Need A Virtual Printer Driver For A Bizarre Edge Case

Okay…I realize this sounds like a stupid question, but bear with me…

I have some software that has text-based content in it. It allows that content to be exported, with a 100-page limit. I would like to be able to text-to-speech and listen to that content when I’m out and about doing things. But some of that content is longer than 100 pages.

The software is apparently fine with the 100 pages being pretty much any size though. A4, A1, whatever.

And once it’s defined the size of the export based on 100 pages @ the paper size, it’s happy to give me a nice RTF file that I can dump into a converter. So I never actually have to print anything.


A workaround that’s been suggested elsewhere is to have a virtual printer driver that allows me to tell the software that it’s going to be printing on an A1 sheet, which is 4x the size of an A4.

I have no idea how I’d go about doing this, though. And the “Save To PDF” functionality in the OS doesn’t work for this purpose.

I’ve tried playing around with the idea of adding a wide-format printer driver, but all the drivers I’m finding won’t install unless there’s actually a printer attached to the computer.

I know there’s stuff like this for monitors (SwitchResX) - is there something equivalent for printers?

I’m not sure that I’m reading your post correctly, but you don’t need to have a printer installed to set custom page sizes, if that’s what you are going for.

I tried the custom page sizes, and it doesn’t seem to work. It only shows the “default” page sizes.

I’m hoping that if I put in a printer whose native format is A1, that it will allow an A1 print.

Apparently this is possible on the Windows version, so I’m crossing my fingers. :slight_smile:

Just curious. What software are you using?

Would selecting a smaller font be possible?

Have you tried creating and setting a new custom page size in another application (like in Preview), and then trying to set that size in the problem app?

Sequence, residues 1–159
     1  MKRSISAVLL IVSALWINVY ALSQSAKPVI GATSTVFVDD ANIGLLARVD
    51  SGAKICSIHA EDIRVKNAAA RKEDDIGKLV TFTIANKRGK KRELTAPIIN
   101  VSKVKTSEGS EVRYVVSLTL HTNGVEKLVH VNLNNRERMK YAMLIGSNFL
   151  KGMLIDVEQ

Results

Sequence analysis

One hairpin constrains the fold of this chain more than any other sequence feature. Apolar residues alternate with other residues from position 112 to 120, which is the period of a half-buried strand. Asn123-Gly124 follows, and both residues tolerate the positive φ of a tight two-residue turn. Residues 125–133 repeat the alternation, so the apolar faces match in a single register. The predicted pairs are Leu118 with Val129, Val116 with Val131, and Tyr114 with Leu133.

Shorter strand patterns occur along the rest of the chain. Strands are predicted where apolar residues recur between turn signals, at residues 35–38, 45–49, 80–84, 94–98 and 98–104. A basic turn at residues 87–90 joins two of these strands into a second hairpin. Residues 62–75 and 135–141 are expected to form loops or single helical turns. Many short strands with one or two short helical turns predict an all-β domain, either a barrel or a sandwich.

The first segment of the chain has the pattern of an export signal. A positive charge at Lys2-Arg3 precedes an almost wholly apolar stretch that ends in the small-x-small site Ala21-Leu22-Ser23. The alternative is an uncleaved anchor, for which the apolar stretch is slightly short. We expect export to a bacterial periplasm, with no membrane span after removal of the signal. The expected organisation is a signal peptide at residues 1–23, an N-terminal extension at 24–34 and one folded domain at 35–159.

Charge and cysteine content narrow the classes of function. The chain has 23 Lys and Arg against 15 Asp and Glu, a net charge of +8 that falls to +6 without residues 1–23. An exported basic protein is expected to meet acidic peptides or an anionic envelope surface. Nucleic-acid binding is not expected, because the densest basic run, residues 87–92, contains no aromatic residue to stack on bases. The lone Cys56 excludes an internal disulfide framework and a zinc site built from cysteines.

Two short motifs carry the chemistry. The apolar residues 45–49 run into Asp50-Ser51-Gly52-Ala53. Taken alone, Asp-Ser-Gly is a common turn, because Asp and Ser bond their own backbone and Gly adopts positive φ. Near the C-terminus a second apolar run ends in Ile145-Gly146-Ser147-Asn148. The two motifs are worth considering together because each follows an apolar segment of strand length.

Or exporting as many 100 page RTF file chunks as needed, and then recombining in a text editor?

How about just merging RTFs?

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I’ve already done the smaller font thing. :slight_smile:

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Merging RTFs will work - it’s just an extra set of steps. I was hoping to avoid it. :slight_smile:

Can you just upgrade or license the software?

Nope. This is for content that I’ve already licensed, in software I’ve already purchased - it’s just a publisher DRM thing.

Oddly enough, the software will actually read me (text-to-speech) the whole book if I want - I just have to be in front of my computer with that particular window at the front of the screen for that to happen. My issue is that I’d prefer to be able to dump that audio and listen when I’m out doing things, doing dishes, etc. :slight_smile:

Ah, that’s the real problem.

How about using SoundFlower to record the audio? Just start it playing, let it run for hours, and you’ve got an audio file of the book (or half, etc.).

I’m contemplating that too. Just set it to play, turn the volume down, and record.

I’m sure I could do it with ScreenFlow too. :slight_smile:

And honestly, if I didn’t want the computer to be tied up while I did it, I could probably do it in a Mac VM. I was just hoping for a process that didn’t take quite as long. :smiley:

Both Acrobat Reader and Microsoft Word allow me to use the system printer page setup for outrageously large page sizes. Are you unable to do the same with your software?



No custom paper sizes available in this app, unfortunately. It doesn’t use the system print dialog - it’s a weird custom export function.

If you can’t hack a driver to make a giant single page, I’d concatenate multiple rtfs - you can easily do it manually in TextEdit and save to text (or convert to text via Terminal command and then join the text files). And you could probably make a quick Automator script to do it too - the only real work is selecting the text to make multiple saves.